Wednesday, September 15, 2010
What if Harry Reid Loses?
Two years ago, it looked as if Democrats were on the verge of realignment a la Ronald Reagan in 1980. They won traditional Republican states like North Carolina, Virginia, and Indiana. Now, the roles could not be more reversed. Not only are Democrats in danger of losing Congress, their majority leader in the Senate stands a decent chance of losing as well.
Upon further examination, perhaps it shouldn’t be surprising that Reid is struggling. He has had several close races before. In 1998 for example, he beat current Senator John Ensign (R-Nevada) by just 428 votes out of more than 400,000 cast. That was in 1998 when the Republicans suffered a backlash for trying to impeach President Clinton. Furthermore, Nevada is a competitive state that voted for Bush in 2000 and 2008.
The situation is much less favorable now. The economy is in awful shape, and Nevada happens to have the highest unemployment rate in the nation. Reid is often linked with the Obama administration; he helped push through the stimulus bill and healthcare legislation. Obama’s approval ratings have been on a steady decline since he took office, so it makes sense that a man closely linked to him would also lose popularity.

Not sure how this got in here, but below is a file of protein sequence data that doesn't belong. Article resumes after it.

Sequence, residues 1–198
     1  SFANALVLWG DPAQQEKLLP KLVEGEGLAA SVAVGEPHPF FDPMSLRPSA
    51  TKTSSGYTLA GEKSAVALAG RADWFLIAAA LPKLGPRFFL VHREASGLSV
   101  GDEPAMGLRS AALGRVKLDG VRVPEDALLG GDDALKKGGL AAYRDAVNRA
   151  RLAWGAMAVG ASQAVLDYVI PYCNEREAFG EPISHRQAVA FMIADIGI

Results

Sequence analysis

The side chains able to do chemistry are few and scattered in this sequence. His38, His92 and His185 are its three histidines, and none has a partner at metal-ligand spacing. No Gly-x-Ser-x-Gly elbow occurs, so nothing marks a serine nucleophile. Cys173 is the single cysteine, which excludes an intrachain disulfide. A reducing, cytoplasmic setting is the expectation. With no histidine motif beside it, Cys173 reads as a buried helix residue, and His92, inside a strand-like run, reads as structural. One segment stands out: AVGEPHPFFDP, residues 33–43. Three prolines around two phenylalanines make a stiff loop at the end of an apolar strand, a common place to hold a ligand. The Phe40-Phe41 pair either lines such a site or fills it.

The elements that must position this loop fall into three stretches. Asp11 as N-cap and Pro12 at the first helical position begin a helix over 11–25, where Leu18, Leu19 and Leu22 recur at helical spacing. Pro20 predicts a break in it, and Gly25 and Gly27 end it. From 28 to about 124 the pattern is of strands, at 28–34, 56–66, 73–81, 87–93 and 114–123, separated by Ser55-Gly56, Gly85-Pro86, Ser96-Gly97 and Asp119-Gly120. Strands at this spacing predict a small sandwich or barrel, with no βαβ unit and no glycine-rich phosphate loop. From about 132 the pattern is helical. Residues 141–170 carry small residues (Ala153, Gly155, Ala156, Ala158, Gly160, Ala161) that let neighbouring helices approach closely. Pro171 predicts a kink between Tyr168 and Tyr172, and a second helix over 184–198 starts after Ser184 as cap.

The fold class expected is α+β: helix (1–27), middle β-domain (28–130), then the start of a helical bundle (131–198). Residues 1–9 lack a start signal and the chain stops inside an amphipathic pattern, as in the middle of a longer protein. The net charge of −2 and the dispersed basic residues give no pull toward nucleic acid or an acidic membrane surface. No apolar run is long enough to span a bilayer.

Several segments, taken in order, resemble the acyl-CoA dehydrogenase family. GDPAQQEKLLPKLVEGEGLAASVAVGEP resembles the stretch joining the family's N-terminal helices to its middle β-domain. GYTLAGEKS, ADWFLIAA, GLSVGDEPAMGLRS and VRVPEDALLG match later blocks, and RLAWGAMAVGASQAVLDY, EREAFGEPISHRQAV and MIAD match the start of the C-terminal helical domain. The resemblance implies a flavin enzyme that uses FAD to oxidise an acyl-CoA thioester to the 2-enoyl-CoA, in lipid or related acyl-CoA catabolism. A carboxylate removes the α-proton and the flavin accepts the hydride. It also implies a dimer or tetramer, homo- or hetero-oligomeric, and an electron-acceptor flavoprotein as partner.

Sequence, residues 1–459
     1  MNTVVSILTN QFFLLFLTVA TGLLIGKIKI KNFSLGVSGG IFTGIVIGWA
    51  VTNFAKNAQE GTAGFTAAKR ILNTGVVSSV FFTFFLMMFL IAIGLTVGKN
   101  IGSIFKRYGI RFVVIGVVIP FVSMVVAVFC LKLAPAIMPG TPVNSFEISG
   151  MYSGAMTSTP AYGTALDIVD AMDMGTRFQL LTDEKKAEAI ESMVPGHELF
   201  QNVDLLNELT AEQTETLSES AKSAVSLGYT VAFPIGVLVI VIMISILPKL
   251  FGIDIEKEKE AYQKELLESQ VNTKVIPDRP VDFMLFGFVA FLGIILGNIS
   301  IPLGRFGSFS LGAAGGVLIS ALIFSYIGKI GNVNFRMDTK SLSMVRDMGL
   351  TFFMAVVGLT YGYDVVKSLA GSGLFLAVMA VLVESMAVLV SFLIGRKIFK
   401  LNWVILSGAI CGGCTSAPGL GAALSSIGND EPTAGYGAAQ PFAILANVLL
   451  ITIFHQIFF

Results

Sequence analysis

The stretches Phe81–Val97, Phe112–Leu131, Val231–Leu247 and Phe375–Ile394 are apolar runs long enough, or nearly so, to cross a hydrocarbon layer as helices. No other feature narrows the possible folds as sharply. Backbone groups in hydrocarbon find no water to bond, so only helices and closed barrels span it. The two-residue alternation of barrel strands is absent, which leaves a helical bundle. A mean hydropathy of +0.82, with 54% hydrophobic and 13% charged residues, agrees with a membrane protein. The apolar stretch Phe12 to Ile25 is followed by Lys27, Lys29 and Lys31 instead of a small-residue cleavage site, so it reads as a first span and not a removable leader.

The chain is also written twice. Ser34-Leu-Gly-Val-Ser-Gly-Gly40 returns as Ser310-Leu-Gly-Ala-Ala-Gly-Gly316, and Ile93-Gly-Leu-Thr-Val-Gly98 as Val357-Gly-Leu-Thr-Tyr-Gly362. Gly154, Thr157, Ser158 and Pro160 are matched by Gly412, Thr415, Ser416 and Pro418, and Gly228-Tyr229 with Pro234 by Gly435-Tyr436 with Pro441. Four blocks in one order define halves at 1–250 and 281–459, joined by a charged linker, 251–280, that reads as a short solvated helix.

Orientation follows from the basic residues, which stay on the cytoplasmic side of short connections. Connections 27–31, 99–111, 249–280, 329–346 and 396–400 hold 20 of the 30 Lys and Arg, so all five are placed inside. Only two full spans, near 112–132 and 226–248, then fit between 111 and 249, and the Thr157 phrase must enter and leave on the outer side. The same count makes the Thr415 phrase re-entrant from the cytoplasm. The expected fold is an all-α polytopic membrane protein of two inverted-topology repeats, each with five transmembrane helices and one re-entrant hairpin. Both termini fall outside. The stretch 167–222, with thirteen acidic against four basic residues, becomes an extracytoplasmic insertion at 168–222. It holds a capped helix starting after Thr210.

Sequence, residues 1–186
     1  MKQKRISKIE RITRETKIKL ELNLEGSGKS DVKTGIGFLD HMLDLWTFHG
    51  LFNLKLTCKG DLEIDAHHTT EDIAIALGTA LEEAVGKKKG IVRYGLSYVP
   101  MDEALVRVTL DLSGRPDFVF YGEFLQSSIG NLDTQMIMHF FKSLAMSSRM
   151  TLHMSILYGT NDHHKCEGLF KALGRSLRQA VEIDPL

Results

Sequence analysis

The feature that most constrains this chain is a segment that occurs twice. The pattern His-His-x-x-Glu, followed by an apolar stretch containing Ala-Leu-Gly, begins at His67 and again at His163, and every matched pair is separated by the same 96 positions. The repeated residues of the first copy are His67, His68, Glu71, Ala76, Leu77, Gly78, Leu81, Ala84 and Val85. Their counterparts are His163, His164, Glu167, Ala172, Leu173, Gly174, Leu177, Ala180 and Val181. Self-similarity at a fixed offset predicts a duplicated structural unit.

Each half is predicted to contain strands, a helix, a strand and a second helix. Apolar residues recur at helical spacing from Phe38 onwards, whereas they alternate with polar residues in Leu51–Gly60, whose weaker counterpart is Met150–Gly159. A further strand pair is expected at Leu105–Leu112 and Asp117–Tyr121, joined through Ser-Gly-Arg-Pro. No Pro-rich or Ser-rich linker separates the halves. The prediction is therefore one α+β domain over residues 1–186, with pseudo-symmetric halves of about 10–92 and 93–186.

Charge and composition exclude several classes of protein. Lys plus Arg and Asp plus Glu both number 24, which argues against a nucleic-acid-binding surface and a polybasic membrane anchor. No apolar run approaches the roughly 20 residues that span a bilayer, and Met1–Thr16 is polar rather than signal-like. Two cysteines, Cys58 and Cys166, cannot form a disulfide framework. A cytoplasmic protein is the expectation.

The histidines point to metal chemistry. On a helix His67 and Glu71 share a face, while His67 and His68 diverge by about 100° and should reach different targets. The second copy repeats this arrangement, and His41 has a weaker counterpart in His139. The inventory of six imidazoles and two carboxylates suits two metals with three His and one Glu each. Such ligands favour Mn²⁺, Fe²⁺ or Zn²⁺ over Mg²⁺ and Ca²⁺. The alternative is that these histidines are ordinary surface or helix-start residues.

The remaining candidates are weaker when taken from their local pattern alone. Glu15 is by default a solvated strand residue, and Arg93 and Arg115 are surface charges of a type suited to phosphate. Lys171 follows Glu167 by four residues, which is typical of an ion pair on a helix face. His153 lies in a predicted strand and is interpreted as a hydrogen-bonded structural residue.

Still, I think a Reid loss has some interesting implications. It could dissuade the parties from picking someone from a swing state to be majority or minority leader in the near future. Wary of losing leadership and institutional memory, they might instead go with a Senator from a safe seat.
This would have a few effects. First, our political process might become more polarized. Senators from swing states must perform well with independents and build some bridges to the other side. A Senator from liberal Vermont or conservative Alabama must simply turn out his base. Where the Senator from the swing state must try and please moderates in office, the Senator from the safe seat must please only staunch Democrats or staunch Republicans. This means that these leaders will have a great incentive to push strongly ideological agendas that have a tougher time garnering bipartisan support. In a Senate that already requires 60 votes to get anything done of significance, will anything ever get done?
Second, this could actually end up diluting the power that swing states have. A Senate majority leader can really look out for his state’s interests by bringing home more pork-barrel spending. But now the people with the most power to bring home the bacon will be from states on either side of the partisan divide. Thus the states that receive the most federal largesse will be those states that are the least amenable to compromise.
I’m anxious to see what happens this November with Reid.